It opened with a brief yet resonant middle-period Jirí Kyliàn work, "Evening Songs," from1987. Quite different from the clinical, almost antiseptic recent works the Nederlands Dans Theater performed in New York last spring, it is form a time when Kylian's choreography shared some of the surging impulse of the Humphrey-Limon tradition. But his precise meticulousness is also very much in evidence, as four women and three men progressed through sharply accented passages, their bodies forming complementary patterns and contrasting shapes. Their were many striking moments, but one also could feel Mr. Kyliàn's intensely controlling hand, with every position having to be just so, right from the moment the curtain rose on three women posed in silhouette, holding open the skirts of their simple summer dresses.
Two contrasting solos from the mid-20th-century served as a reminder of that aspect of the fertile years of American modern dance, when the choreographers would often create enduring and significant solos for themselves. Limón's 1942 "Chaconne," to the well-known movement from Bach's Partita #2 for solo violin is a stern, quietly compelling piece, given an intriguing spin on this occasion since it was performed by a woman, Roxanne D'Orleans Juste. In simple but quietly elegant black shirt and pants, her hair severely pulled back, she evoked a female matador. There is no evident message here, just a personal and vivid response to a great score. The choreography is severe, restricted in its range, but within those restrictions Limon found a dignified eloquence. Ms. D'Orleans Juste's performed was powerful but perhaps a touch too respectful and careful—and necessarily she could not begin to suggest the kind of coiled power Limón himself must have given it.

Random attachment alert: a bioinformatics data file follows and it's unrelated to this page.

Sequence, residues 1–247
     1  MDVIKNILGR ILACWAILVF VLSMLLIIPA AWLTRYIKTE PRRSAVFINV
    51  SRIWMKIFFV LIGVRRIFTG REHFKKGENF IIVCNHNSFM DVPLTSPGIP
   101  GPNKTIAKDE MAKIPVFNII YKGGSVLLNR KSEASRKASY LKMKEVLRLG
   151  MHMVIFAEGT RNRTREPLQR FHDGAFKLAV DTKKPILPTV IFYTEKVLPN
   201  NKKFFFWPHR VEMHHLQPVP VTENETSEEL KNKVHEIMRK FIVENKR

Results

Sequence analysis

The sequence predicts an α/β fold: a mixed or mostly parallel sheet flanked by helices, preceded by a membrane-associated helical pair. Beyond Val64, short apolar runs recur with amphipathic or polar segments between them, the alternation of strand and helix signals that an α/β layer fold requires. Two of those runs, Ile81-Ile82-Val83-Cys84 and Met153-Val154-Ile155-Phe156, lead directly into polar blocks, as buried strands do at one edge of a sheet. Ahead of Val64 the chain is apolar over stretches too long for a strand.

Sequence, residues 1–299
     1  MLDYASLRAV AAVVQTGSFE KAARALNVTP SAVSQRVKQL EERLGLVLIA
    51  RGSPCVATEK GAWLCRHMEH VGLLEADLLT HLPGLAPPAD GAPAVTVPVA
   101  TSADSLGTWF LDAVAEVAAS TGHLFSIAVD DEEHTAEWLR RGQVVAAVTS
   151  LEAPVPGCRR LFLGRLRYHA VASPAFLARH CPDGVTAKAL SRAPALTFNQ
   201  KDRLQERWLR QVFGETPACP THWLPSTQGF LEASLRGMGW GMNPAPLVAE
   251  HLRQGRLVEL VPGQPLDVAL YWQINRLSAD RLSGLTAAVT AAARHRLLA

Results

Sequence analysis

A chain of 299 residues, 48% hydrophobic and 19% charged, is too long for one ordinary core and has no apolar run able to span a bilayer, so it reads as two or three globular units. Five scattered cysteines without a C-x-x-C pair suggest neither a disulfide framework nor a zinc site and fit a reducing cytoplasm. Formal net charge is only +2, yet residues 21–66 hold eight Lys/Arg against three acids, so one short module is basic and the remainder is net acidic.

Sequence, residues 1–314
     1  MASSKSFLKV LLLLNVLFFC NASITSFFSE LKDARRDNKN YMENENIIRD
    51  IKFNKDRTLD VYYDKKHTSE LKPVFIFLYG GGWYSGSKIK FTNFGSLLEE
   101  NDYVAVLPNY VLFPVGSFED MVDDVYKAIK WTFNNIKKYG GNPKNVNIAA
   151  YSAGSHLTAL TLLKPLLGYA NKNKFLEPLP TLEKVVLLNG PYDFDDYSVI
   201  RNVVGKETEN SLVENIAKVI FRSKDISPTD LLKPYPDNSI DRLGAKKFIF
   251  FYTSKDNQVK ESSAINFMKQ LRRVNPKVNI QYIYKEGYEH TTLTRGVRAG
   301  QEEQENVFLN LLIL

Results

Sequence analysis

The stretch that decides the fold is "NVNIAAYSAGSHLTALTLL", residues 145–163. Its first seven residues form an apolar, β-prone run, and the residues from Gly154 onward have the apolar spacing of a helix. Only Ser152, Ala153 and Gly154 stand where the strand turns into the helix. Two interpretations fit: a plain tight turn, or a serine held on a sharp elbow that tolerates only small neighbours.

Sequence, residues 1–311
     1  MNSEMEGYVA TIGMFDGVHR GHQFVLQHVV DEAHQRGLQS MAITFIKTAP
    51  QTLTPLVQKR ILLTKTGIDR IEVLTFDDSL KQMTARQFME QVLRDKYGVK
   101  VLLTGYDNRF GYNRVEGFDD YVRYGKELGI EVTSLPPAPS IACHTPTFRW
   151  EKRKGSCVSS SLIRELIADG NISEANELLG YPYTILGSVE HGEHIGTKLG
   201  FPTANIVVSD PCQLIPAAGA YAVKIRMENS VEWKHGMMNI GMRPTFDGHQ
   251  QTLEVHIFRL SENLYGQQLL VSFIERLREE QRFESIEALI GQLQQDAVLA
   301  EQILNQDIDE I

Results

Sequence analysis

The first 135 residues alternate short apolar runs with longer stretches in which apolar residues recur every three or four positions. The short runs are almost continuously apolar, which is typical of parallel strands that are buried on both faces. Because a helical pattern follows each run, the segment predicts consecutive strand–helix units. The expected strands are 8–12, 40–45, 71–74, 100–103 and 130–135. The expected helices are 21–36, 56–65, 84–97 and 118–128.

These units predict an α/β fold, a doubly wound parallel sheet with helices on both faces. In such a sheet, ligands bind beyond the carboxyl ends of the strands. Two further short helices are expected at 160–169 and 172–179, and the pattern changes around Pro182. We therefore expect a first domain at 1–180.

Daniel Nagrin's 1951 "Dance in the Sun" is a new addition to the company's repertoire, but it fits right in—and almost looks as though it might have been choreographed and performed by Limon. One associates Nagrin with restless, wary urban figures more at home in the darkness, amid a sense of danger, but in this solo he created a portrait of a man strolling into an open space, glorying in the warmth of the midday sun and expressing his (perhaps momentary) sense of freedom and delight. Raphael Boumaila gave a beautifully calibrated performance, alternating between moments of reflection and jubilation, and launching into the bold, surprising arcing jumps with spontaneous ease, as though the dance was just occurring to him. David LaMarche played the robust, annunciatory piano score by Ralph Gilbert.
The most recent work on the program, Adam Hoagland's "Phantasy Quintet," created for the company in 2002, was its most playful and freewheeling. An ode to romance set to an invigorating string quintet by Ralph Vaughan Williams, it evoked a springtime mood of relaxed, playful abandon. Three men and two women formed the sprightly, energetic chorus that framed a more grounded couple, Brenna Monroe-Cook and Francisco Ruvalcaba. All wore gleaming white— the men were shirtless in flowing white pants, the women wore a puzzling combination of sports bra and long, full skirts. Mr. Hoagland, a former company member, is clearly channeling the breath-propelled rise and fall of the Humphrey-Limón tradition, but his work has an unaffected clarity and musical sensitivity that made it engaging and resonant.
In addition to the powerful ensemble effect, the company features many dancers who standout as striking individuals when it is appropriate. On both of this season's programs, Kristen Foote's bold, eager and warm performing was a highlight. Ms. Monroe-Cook moves with rich juiciness and invigorating boldness, and Kurt Douglas, with his electric energy and intensity, is always a delight to watch.